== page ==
Some Quick Thoughts on the 9th Circuit’s Decision Against Trump.

Thursday evening the United States Court of Appeals for the 9th Circuit issued a decision rejecting the government’s request to invalidate the District Court’s restraining order against Trump’s travel ban. One reason the government did not prevail at this particular proceeding is that the burden was on the government to prove that it was substantially likely to prevail on the merits and the 9th Circuit determined the government failed to meet that burden. While not a ruling on all the merits there are aspects of the decision very damaging to the government down the road.

1. Standing. The court found the states have standing, which had been a significant concern. The government can continue to argue it, because you can always contest standing, but that question is mostly resolved.

2. Reviewability of the Executive Order. The government argued the EO was beyond judicial review because the President has sole province over matters related to national security. The 9th Circuit body slammed this one stating “There is no precedence to support this unreviewability, which runs contrary to the structure of our Constitutional democracy.” Several pages of analysis with well supported citations follow that statement. While the Supreme Court can always rule differently, that resolves this question at the Court of Appeals and it did so against Trump. It’s his favorite twitter argument, and one of the favorites of his fans and lawyer too.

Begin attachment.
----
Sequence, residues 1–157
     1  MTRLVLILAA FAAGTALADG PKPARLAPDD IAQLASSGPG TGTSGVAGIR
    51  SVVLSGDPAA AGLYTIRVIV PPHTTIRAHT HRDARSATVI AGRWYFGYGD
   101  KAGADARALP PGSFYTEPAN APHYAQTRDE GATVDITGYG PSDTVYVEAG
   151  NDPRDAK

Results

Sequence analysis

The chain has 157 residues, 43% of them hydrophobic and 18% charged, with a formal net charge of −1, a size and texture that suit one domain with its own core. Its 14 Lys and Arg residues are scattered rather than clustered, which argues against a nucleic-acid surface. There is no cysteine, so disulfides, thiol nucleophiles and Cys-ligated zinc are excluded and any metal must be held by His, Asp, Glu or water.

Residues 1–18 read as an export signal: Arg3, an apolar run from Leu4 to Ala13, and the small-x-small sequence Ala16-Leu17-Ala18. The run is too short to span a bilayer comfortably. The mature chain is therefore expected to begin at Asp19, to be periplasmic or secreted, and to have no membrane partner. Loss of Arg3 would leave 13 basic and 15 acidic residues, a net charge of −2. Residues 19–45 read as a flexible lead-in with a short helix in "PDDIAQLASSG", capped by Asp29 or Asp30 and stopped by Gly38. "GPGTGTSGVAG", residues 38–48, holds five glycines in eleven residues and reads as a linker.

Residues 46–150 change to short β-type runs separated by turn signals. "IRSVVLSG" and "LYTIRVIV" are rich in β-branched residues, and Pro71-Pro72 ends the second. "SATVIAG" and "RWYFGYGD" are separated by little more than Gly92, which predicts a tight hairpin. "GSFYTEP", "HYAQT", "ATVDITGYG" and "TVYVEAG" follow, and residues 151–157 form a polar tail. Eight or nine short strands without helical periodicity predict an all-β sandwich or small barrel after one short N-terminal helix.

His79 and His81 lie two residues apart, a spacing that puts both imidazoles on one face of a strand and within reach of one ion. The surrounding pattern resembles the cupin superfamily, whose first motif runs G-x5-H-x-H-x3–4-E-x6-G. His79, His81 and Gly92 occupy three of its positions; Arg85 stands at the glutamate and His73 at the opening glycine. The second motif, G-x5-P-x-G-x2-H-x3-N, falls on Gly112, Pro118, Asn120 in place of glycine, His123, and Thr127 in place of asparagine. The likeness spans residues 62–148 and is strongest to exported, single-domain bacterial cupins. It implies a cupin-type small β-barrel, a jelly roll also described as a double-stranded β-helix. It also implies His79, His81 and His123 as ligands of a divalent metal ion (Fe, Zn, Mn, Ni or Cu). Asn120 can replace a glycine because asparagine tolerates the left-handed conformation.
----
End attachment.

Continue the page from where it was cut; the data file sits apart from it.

3. Scope of the Due Process Clause. One of the favorite arguments made by those supporting the Trump travel ban is that “only citizens have Constitutional rights.” The due process clause clearly states otherwise. In that regard the Court of Appeals again ruled quite clearly on the substance of that argument stating: “The procedural protections provided by the Fifth Amendment’s due process clause are not limited to citizens. Rather they apply to all persons in the United States, including aliens, regardless of whether their presence here is lawful, unlawful or temporary. [citation to the Supreme Court]. These rights also apply to certain aliens attempting to reenter the United States after traveling abroad.” [citation to another Supreme Court case].

While the 9th Circuit’s ruling was not a full ruling on the merits, it nonetheless resolved the merits for a number of questions and it did so decisively against the President.

Retired lawyer & Army vet in The Villages of Florida. Lifelong: Republican (pre-Trump), Constitution buff, science nerd & dog lover. Twitter: @KeithDB80

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